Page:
Mathieu function

Mathieu function

In mathematics, the Mathieu functions are certain special functions useful for treating a variety of problems in applied mathematics, including

They were introduced by Émile Léonard Mathieu (1868) in the context of the first problem.

Contents

Mathieu equation

The canonical form for Mathieu's differential equation is

 \frac{d^2y}{dx^2}+[a-2q\cos (2x) ]y=0.

Closely related is Mathieu's modified differential equation

 \frac{d^2y}{du^2}-[a-2q\cosh (2u) ]y=0

which follows on substitution u = ix.

The substitution t = cos(x) transforms Mathieu's equation to the algebraic form

 (1-t^2)\frac{d^2y}{dt^2} - t\, \frac{d y}{dt} + (a + 2q (1- 2t^2)) \, y=0.

This has two regular singularities at t = − 1,1 and one irregular singularity at infinity, which implies that in general (unlike many other special functions), the solutions of Mathieu's equation cannot be expressed in terms of hypergeometric functions.

Mathieu's differential equations arise as models in many contexts, including the stability of railroad rails as trains drive over them, seasonally forced population dynamics, the four-dimensional wave equation, and the Floquet theory of the stability of limit cycles.

Floquet solution

According to Floquet's theorem (or Bloch's theorem), for fixed values of a,q, Mathieu's equation admits a complex valued solution of form

F(a,q,x) = \exp(i \mu \,x) \, P(a,q,x)

where μ is a complex number, the Mathieu exponent, and P is a complex valued function which is periodic in x with period π. However, P is in general not sinusoidal. In the example plotted below, a=1, \, q=\frac{1}{5}, \, \mu \approx 1 + 0.0995 i (real part, red; imaginary part; green):

MathieuFloquet.gif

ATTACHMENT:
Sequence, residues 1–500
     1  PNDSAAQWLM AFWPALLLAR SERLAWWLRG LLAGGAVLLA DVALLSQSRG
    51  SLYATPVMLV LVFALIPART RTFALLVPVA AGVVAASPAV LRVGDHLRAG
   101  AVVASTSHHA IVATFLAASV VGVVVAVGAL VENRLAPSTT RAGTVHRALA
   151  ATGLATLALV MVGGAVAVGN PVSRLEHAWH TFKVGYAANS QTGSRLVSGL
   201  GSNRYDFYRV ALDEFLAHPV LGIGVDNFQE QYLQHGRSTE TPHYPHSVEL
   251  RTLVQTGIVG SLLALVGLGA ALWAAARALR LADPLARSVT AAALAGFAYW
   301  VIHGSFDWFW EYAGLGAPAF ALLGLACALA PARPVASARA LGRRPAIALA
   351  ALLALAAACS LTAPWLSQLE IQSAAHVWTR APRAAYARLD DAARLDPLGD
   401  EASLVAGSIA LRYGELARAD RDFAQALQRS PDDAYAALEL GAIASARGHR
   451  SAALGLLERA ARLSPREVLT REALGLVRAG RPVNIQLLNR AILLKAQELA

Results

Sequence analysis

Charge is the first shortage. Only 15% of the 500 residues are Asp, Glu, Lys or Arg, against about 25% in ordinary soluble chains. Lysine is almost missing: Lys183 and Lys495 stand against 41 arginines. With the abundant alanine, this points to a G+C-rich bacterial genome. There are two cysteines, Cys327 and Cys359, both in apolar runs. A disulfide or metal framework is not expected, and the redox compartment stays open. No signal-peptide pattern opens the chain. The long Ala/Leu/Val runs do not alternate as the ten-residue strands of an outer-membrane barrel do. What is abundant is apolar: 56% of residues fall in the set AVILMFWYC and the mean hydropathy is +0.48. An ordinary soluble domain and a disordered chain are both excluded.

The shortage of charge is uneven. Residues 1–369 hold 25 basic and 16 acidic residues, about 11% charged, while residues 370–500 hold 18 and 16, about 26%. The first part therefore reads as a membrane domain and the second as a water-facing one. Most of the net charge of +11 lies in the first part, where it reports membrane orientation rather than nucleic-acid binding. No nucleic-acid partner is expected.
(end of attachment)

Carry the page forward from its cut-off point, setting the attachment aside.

Mathieu sine and cosine

For fixed a,q, the Mathieu cosine C(a,q,x) is a function of x defined as the unique solution of the Mathieu equation which

  1. takes the value C(a,q,0) = 1,
  2. is an even function, hence C^\prime(a,q,0)=0.

Similarly, the Mathieu sine S(a,q,x) is the unique solution which

  1. takes the value S^\prime(a,q,0)=1,
  2. is an odd function, hence S(a,q,0) = 0.

These are real-valued functions which are closely related to the Floquet solution:

 C(a,q,x) = \frac{F(a,q,x) + F(a,q,-x)}{2 F(a,q,0)}
 S(a,q,x) = \frac{F(a,q,x) - F(a,q,-x)}{2 F^\prime(a,q,0)}.

The general solution to the Mathieu equation (for fixed a,q) is a linear combination of the Mathieu cosine and Mathieu sine functions.

A noteworthy special case is

C(a,0,x) = \cos(\sqrt{a} x), \; S(a,0,x) = \frac{\sin(\sqrt{a} x)}{\sqrt{a}}.

In general, the Mathieu sine and cosine are aperiodic. Nonetheless, for small values of q, we have approximately

 C(a,q,x) \approx \cos(\sqrt{a} x), \; \; S(a,q,x) \approx \frac{\sin (\sqrt{a} x)}{\sqrt{a}}.

For example:

Red: C(0.3,0.1,x).
Red: C'(0.3,0.1,x).


Periodic solutions

Given q, for countably many special values of a, called characteristic values, the Mathieu equation admits solutions which are periodic with period . The characteristic values of the Mathieu cosine, sine functions respectively are written a_n(q), \, b_n(q), where n is a natural number. The periodic special cases of the Mathieu cosine and sine functions are often written CE(n,q,x), \, SE(n,q,x) respectively, although they are traditionally given a different normalization (namely, that their L2 norm equal π). Therefore, for positive q, we have

C \left( a_n(q),q,x \right) = \frac{CE(n,q,x)}{CE(n,q,0)}
S \left( b_n(q),q,x \right) = \frac{SE(n,q,x)}{SE^\prime(n,q,0)}.

Here are the first few periodic Mathieu cosine functions for q = 1:

MathieuCE.gif

Note that, for example, CE(1,1,x) (green) resembles a cosine function, but with flatter hills and shallower valleys.

See also

References

External links


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